Challenges to Developing Value Chains with Smallholder Rice Farmers: Experience of Lotus Foods
Lotus Foods imports heirloom rice that is grown on family farms in Bhutan, Cambodia, China, India, Indonesia, and Madagascar. We started our business in 1995, starting with black rice from China, which we trademarked as Forbidden Rice®. We were the first company to introduce “exotic” rice to the US market, which has since become an important segment of the specialty grains category with multiple brands and competitors, and placement on mainstream grocery stores across the country.
What has distinguished Lotus Foods in the category has been our articulated mission of supporting sustainable agriculture, conserving rice biodiversity, and ensuring the family rice farmer a living wage. In Bhutan, providing a modest export market for the country’s traditional red rice, has helped maintain its prestige and protected it from being displaced by “modern” varieties introduced from outside.
Today our supply is sourced from an estimated 3,000-4,000 households. For the most part these families are dependent on rice production for their food and income. Almost all of our products are certified organic, Fair Trade and non-GMO verified. This means our farmers earn between 20% and 40% more for their rice than if they sold it on the open market. We believe strongly in these certifications. They tell consumers we care, and they give us confidence that principles we support are being adhered to.
In 2008 we intensified our company’s environmental and social goals by committing to providing market incentives to farmers using System of Rice Intensification (SRI) practices, which enable them to double and even triple their yields with half the water, no agrochemicals, one-tenth the seed and usually less labor due to the drastic reduction in seed rate. This was a huge challenge as it meant creating a supply chain from the ground up and working with farmers and partners with no experience in processing or export.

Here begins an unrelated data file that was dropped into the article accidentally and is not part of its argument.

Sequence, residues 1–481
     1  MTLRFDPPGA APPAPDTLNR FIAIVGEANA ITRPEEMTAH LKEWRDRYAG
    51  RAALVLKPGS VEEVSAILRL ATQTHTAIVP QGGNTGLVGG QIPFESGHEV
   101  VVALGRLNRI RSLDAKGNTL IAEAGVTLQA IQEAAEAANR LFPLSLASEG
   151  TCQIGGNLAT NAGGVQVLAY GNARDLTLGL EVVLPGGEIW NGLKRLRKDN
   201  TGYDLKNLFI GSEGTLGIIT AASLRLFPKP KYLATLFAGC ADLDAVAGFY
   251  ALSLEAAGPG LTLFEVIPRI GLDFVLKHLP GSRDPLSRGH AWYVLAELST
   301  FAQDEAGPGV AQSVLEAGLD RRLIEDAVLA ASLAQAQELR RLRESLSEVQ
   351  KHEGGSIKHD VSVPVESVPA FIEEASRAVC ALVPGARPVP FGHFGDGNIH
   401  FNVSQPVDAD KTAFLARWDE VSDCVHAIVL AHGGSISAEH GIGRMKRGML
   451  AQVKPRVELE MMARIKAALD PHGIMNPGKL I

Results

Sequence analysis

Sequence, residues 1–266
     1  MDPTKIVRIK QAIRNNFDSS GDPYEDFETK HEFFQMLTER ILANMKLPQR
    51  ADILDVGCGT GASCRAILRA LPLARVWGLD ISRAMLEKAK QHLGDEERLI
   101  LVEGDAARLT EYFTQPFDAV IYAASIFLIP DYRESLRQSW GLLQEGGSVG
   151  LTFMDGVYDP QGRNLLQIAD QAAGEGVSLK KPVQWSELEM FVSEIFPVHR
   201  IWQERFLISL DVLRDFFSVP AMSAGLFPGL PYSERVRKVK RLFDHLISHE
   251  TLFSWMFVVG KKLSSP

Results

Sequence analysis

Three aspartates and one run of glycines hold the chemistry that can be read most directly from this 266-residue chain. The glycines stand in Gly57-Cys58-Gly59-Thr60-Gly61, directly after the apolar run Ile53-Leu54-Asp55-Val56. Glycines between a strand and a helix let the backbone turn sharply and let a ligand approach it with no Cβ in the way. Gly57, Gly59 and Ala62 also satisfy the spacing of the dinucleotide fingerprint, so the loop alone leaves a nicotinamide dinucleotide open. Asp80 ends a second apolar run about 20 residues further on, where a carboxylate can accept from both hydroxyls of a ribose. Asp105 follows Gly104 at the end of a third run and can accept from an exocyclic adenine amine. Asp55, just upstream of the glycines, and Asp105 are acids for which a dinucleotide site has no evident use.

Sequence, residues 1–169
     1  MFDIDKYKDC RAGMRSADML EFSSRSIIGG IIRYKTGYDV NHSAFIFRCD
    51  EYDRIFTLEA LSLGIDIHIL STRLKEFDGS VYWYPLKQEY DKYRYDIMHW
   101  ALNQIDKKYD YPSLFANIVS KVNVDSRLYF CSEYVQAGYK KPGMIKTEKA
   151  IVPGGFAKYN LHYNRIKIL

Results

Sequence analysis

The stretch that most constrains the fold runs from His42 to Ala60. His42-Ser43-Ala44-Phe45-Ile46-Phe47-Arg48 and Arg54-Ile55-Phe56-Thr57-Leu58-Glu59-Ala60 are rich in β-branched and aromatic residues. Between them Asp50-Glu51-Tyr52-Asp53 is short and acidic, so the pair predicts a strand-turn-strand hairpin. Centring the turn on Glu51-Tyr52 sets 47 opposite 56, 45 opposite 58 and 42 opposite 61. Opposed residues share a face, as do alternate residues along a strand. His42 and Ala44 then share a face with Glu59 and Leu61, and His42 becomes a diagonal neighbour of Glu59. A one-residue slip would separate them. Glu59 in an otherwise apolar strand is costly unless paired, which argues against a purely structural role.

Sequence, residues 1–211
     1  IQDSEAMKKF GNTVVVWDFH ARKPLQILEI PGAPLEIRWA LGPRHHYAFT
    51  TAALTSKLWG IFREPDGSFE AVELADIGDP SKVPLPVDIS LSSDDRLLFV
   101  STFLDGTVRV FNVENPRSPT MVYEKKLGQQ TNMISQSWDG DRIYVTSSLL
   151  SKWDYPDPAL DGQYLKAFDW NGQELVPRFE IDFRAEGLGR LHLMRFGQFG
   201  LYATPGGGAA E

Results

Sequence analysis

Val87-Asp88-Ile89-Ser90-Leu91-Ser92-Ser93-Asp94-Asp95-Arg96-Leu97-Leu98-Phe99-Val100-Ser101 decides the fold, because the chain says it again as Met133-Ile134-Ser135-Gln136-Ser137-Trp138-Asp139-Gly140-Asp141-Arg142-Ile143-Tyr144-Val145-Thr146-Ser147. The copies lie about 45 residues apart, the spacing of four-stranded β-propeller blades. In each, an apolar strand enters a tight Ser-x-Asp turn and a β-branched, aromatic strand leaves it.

Whereas our previous business model relied on liaising with in-country partners who handled all issues related to production, processing and shipping, working with SRI farmers has involved a more complex satellite of partners. In Madagascar these include a small farmer cooperative, USAID- and CIRAD-funded development projects, and US Peace Corps Volunteers. In Cambodia we work with the national NGO CEDAC. And in Indonesia our partner is a woman entrepreneur representing a large well-established cooperative. The FAO has just produced a publication on organic agriculture in Africa that includes a detailed article on our collaborative activities in Madagascar, which reflects the complexity of relationships. See page 112.
At times this means we operated much like a NGO ourselves, investing heavily of our time and resources in technical assistance, capacity building, identifying grants for weeders and organic fertiliser, and extending financing before a grain of rice had been harvested. Balancing the “people, planet, profit” equation is tricky. But it has been worth it. Especially in Cambodia and Indonesia, our partnerships are scaling well. We recently, introduced three new products (microwaveable rice bowls) that feature SRI-grown native rices from both countries, and many more farmers are benefiting.
Without a doubt the largest obstacle to any small company in developing relationships with smallholder farmers is lack of capital. In many countries coops can’t borrow from banks, only individual farmers. Or they have no credit record. So they are challenged to find the funds to pay farmers for the harvest and still have enough for processing, packaging, etc. Often, too, the coop/NGO/private business is struggling with costs like organic and Fair Trade certifications. This means the importing company has to cover some or all of these costs, putting them at risk financially.
We’ve often argued that what is needed is a low-interest Revolving Loan Fund that could be available to mission-driven companies like Lotus Foods and in-country partners who are working directly with groups of smallholders. At the start-up stage, access to $10,000 to $25,000 can make a huge difference in mitigating risk, and minimise the need to borrow at high-interest commercial terms. To facilitate scaling up, loans of $50,000 to $250,000 and even higher would be desirable.
In-country partners could draw on the fund to pay farmers at harvest, backed up by purchase orders. Or to buy equipment, like vacuum packaging machines, that will improve efficiency and quality. And the importing companies could use such a fund to help finance marketing and outreach, which would pay off in expanding sales and revenues. We’d love some serious discussion of this idea.
Watch a video about the initiative and SRI rice,here.